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1answer
68 views

Conceptual limitations of the English Language? [on hold]

In ancient Greece their language presupposed that the use of a term implied the existence of its referent. This inherent limit of their language was the cause of the Aristotelian assumption which took ...
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1answer
72 views

Etymology of “second to none”

second to none To the ears of a non-native speaker, mine anyway, this expression sounds very laborious. Where does it come from? Is it not contrary to the idea that English is a ...
4
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1answer
203 views

A theory or concept related to language use by elite or the higher classes

I'm an English teacher, and I'm looking for a theoretical model that suggests language is used differently by different classes. I am aware of Bernstein's Elaborated code, which refers to an elite ...
3
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1answer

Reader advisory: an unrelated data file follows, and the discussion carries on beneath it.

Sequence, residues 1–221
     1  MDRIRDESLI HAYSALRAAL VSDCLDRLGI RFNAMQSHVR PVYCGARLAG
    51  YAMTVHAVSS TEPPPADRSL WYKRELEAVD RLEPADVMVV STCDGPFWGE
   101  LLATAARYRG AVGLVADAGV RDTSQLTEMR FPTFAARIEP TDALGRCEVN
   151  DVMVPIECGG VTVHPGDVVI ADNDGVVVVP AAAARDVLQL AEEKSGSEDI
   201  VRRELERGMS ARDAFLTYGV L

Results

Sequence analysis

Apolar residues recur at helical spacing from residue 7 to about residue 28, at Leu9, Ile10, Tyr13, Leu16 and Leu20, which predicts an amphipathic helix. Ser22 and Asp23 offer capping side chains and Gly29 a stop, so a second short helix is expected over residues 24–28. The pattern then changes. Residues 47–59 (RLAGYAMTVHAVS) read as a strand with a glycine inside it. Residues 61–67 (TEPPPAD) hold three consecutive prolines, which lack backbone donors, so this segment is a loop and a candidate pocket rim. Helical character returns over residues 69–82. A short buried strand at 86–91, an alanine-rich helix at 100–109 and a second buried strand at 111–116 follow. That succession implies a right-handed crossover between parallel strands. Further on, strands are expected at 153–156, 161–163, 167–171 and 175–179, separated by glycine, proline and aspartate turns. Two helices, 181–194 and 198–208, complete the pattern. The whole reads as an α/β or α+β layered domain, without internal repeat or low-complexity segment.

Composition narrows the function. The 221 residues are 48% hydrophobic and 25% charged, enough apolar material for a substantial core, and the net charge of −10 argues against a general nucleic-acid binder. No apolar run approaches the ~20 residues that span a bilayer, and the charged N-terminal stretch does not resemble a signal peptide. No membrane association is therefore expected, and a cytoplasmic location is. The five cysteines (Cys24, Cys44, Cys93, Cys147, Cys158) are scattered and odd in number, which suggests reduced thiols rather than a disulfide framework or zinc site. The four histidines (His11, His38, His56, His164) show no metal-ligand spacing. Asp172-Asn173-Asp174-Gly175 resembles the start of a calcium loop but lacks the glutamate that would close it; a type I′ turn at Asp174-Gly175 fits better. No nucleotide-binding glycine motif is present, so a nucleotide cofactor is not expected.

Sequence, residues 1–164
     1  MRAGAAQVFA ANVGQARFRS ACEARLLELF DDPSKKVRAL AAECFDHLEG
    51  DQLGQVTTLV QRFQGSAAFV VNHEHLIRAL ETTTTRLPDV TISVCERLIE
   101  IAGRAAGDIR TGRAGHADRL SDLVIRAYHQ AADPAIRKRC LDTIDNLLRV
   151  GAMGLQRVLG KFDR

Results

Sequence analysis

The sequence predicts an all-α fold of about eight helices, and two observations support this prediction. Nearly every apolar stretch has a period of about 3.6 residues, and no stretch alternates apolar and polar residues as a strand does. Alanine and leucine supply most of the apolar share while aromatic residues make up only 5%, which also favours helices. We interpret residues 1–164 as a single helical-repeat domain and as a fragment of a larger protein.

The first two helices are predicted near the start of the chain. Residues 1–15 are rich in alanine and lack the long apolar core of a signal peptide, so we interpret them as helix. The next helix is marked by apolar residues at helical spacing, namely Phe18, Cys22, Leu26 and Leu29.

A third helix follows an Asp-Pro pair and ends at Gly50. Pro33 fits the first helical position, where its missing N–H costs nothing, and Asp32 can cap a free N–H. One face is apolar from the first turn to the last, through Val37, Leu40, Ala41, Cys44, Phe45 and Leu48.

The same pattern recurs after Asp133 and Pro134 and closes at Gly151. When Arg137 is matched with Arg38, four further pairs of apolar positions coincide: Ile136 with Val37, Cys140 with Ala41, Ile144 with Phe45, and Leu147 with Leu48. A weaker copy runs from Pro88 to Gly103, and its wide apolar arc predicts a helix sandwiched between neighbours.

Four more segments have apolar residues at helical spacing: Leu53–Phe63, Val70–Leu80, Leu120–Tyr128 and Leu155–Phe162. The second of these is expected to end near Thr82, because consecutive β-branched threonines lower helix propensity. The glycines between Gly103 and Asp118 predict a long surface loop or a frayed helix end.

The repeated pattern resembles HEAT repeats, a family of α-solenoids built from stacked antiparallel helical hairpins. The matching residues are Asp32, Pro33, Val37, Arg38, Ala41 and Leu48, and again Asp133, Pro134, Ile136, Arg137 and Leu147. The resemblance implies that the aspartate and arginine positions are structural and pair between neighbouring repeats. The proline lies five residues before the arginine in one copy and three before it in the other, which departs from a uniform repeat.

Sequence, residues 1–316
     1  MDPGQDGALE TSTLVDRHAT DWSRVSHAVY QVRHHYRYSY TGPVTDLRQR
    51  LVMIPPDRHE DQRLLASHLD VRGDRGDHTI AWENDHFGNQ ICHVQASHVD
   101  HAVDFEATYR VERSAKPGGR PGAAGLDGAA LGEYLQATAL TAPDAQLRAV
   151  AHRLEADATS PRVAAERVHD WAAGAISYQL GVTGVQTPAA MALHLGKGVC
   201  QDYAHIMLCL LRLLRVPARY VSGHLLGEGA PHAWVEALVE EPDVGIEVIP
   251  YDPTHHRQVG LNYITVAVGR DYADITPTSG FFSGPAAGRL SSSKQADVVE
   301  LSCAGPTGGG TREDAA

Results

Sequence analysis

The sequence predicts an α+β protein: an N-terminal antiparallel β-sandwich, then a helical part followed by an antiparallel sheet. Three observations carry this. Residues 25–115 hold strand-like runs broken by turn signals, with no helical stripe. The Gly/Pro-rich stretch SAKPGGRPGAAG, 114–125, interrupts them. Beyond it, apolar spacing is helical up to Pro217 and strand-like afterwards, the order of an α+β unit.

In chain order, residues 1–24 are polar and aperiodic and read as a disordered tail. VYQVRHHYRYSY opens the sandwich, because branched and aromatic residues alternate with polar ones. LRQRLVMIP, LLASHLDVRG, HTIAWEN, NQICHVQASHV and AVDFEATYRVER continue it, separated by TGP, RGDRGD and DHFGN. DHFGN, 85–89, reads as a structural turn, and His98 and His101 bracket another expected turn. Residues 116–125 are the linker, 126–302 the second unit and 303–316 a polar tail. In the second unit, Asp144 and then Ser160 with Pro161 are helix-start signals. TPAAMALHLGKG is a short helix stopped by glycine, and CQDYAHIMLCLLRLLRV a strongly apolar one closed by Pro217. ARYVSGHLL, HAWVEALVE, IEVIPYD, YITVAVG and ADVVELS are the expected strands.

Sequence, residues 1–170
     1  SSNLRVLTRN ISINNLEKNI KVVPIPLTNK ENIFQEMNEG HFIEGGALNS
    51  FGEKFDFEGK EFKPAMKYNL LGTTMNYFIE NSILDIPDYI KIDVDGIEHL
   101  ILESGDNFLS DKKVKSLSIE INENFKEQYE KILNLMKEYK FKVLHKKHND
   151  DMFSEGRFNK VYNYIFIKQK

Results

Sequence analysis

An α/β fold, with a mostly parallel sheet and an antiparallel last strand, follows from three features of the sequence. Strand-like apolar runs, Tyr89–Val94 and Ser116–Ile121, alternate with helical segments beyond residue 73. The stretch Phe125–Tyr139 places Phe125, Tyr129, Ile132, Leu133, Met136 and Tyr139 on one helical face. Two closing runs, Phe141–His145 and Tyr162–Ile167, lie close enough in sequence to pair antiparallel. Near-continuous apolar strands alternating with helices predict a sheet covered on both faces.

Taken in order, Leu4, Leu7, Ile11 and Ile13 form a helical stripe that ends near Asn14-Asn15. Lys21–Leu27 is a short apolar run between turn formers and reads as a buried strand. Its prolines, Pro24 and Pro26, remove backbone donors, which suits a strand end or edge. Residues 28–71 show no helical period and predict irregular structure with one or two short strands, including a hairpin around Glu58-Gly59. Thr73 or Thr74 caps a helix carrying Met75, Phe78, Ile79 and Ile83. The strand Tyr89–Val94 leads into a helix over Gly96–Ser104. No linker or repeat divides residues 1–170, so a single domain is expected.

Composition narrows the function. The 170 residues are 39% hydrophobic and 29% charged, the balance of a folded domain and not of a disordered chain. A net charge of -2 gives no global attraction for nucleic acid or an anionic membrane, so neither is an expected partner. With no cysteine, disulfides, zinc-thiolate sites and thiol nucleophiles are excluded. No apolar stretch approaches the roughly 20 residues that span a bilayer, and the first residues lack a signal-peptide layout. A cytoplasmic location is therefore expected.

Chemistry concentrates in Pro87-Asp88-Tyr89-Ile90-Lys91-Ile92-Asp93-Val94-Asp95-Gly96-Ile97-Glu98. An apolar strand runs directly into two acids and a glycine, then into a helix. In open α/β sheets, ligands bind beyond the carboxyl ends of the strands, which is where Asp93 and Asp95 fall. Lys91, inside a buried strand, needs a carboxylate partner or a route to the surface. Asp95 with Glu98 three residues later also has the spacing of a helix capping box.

85 views

What is the word for the combined senses of an organism?

I'm having difficulty recalling the word for the unique sensory space of an organism. Or it might be the word for the impression derived from those unique senses, I'm not totally sure. It would be ...
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3answers
264 views

Expression for asking a question in a way that assumes a certain solution?

Especially (but not only) with technical problems, people often ask questions in a way that assumes a certain solution. For example: Where can I get a cheap taxi to the airport? But the person ...
3
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4answers
126 views

Can a tractor or a skid-steer be called a “device”?

I am having an argument with my cousin after I called a tractor a "device." He argues that tractors are machines, but never "devices." Thoughts, folks?
1
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1answer
79 views

odd taxonomy of English [closed]

The taxonomy of ox, like cow, bull, calf, steer, bullock, cattle, etc. is all odd to me, using different words for the same animal. (The same can be said to sheep.) I'm looking for similar ...
0
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1answer
61 views

Can a number be given the attribute 'physical'?

This question initially arose while translating a technical document from German. The original text was 'physikalische Heizzonenummer', literally 'physical heating-zone-number'. My immediate reaction ...
3
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3answers
586 views

What is the term for an idea that requires/creates its opposite?

An example would be that the concept of 'light' necessitates an opposite: 'dark.' The idea of one entails the other. Is there a term for this?